I have caught the Olympics fever big time this year. This past weekend, I did little more than drink coffee, binge-watch Olympic events, and of course, knit non-stop.
Ralph Lauren designed the closing ceremony knitwear and outfits for US Olympic team members, including this spectacular stranded hat. I’ve already seen some incarnations of this over on Ravelry.
It’s a great hat. I love the balance of color and the jaunty double tassel thing that’s going on at the top. But stranded knitting can be intimidating and also time consuming. If colorwork is your cup of tea (confession: it’s mine!), then I would recommend these colors in Deluxe DK Superwash for your take on this hat:
With just one skein of self-striping Amplify you can make this patriotic hat and cowl set. And on size 11 needles, this set goes so quickly you could make this project several times over before the closing ceremonies next weekend.
What’s on your needles this week as you cheer on your country?
As the cover promises, this collection contains patterns all containing peplums, pleats, and ruffles, all knit in new yarn Papyrus. There is actually just one project that utilizes pleats, and that is the Kaizen cardigan.
The pleats are added just to the sleeve cuffs here for a touch of feminine playfulness to an otherwise classically shaped cardigan.
Though I did my best to give accurate written instructions of how to make the pleats, this is one of those techniques where pictures really do speak a thousand words. There are a few photos of how to join pleats included in the pattern file, but the following is a much more detailed instruction.
If you thought this looked complicated at the beginning, I hope I’ve changed your mind. It’s just a matter of arranging some stitches and working some k3togs.
My friends, winter is showing no signs of letting up, even here in North Carolina. We were blasted with 5-6″ of snow the other day. If you’re from a northern state as I am, that may not seem like much. But in the south it is a significant amount and is cause for much celebration and hot cocoa. And as we all know, any reason to pile on more knitwear is quite welcome.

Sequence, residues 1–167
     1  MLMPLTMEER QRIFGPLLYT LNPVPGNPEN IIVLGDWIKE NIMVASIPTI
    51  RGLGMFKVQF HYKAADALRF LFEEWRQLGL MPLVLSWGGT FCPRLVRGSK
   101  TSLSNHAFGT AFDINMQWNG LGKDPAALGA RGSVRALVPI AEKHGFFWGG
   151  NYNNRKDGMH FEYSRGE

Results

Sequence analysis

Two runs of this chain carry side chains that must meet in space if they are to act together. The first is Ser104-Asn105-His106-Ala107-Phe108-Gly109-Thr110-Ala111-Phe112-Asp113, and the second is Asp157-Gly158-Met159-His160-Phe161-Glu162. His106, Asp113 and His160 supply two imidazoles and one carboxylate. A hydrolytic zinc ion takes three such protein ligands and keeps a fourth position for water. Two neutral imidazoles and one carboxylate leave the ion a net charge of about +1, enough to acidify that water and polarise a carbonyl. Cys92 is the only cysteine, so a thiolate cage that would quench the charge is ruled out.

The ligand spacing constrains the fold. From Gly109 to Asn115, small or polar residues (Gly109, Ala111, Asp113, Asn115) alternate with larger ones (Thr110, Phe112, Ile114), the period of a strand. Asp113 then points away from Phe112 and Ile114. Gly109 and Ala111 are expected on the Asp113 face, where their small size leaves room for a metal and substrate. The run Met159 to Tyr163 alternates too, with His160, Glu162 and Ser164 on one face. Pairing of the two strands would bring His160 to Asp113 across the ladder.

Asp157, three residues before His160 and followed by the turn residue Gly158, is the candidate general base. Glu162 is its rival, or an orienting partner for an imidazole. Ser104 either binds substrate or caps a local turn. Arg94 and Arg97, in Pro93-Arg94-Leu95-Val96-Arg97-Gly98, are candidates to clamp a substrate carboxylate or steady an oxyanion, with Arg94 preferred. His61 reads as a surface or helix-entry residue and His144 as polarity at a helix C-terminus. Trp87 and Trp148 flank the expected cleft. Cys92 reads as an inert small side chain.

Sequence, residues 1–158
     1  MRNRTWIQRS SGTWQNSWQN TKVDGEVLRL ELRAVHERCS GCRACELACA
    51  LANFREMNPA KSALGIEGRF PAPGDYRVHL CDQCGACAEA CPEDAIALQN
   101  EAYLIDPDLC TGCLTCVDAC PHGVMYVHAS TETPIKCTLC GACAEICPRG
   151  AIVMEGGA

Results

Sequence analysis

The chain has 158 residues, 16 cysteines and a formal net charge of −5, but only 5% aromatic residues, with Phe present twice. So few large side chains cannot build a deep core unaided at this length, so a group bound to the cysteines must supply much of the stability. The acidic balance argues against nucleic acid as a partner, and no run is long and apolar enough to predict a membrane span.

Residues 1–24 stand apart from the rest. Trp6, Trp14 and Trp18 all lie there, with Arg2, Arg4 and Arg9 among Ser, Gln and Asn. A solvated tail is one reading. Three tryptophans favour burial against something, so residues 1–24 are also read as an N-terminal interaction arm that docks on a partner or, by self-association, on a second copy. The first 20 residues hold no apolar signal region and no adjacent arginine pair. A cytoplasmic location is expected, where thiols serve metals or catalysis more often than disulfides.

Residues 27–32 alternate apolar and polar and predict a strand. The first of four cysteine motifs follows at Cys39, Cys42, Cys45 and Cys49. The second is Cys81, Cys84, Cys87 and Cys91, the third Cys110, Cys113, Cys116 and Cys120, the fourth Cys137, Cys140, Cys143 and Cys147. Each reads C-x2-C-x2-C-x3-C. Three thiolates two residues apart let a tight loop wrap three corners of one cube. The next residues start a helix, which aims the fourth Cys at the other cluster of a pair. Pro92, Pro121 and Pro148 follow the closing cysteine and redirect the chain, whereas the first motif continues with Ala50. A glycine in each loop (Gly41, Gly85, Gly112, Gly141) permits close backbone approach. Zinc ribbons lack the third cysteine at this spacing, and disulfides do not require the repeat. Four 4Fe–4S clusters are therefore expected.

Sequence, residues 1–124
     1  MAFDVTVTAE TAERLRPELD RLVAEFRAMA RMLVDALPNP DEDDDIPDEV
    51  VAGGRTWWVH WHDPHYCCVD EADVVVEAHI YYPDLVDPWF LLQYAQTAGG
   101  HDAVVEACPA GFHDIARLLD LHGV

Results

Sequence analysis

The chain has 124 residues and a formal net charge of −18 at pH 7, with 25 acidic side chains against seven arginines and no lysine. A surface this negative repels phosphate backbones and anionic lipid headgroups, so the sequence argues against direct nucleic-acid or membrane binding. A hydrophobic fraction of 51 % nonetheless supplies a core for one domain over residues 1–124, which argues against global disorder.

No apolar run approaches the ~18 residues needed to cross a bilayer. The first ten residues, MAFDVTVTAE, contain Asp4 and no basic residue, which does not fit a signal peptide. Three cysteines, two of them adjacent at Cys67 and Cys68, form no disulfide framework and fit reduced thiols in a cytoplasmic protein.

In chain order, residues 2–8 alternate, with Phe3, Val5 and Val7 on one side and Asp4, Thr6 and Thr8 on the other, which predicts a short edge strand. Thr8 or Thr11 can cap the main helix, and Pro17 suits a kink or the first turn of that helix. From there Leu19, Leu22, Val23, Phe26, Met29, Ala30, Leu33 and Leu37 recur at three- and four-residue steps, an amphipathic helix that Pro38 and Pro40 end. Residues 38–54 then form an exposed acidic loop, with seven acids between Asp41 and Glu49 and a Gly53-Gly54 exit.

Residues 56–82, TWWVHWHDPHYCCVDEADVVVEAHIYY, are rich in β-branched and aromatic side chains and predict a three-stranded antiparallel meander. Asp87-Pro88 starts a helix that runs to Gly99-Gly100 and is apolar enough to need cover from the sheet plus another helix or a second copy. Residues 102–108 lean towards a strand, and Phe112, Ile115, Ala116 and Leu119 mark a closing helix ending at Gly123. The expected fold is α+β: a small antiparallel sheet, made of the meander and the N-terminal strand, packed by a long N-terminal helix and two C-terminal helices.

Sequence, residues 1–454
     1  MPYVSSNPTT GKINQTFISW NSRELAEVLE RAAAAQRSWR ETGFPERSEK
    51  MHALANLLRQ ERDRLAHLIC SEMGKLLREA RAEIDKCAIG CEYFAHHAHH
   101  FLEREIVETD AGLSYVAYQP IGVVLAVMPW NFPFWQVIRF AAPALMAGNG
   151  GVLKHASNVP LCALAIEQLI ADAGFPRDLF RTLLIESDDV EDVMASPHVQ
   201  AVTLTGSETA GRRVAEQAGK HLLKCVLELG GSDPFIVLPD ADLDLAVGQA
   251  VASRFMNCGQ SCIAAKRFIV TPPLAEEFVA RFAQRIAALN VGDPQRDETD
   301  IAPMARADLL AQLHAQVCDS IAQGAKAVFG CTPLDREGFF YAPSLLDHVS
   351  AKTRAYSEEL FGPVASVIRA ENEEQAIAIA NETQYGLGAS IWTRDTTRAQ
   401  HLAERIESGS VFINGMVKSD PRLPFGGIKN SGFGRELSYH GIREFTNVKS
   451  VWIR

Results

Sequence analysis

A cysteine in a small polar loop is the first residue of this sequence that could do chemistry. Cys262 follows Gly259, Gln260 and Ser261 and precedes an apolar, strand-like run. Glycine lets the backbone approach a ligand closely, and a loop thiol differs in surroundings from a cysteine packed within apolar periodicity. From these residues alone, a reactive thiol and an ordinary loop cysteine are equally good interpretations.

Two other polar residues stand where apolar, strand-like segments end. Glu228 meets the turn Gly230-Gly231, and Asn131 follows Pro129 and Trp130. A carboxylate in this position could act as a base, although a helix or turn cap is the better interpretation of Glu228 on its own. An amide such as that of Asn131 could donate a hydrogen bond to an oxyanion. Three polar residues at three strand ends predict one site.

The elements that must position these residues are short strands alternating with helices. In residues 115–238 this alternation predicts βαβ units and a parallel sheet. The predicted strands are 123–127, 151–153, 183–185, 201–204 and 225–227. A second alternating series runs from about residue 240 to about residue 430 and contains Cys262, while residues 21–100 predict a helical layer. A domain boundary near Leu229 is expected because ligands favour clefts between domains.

Our free pattern this week is the Porthole Cowl, knit in a soft wintery shade of self-shading Major.
This cowl is knit in the round, showing off the shading of Major as it works it’s way upward in a bounty of texture and “porthole” lace. The color is quite subtle in color 118 Silver Blush. If you like more in-your-face-color, there are many options to choose from. Some of my favorites are:
Self-shading yarn never gets old for me. It’s so pretty and fun to watch the colors that emerge from a ball of colorful yarn. One of my favorite patterns in our Poems yarn is the Southwest Sky Afghan.
Three gorgeous colorways of Poems come together in this modular garter stitch piece. In each colorway of Poems, there are around 6 different shades, meaning in this blanket where there are 3 colorways, there are 18 different colors in the project! I believe that most any color combination could look really great in this throw. But it can be tough to just visualize what this might look like, so we thought it would be fun to see some other color combinations actually knit up.
Here are some small samples of three alternate colorways: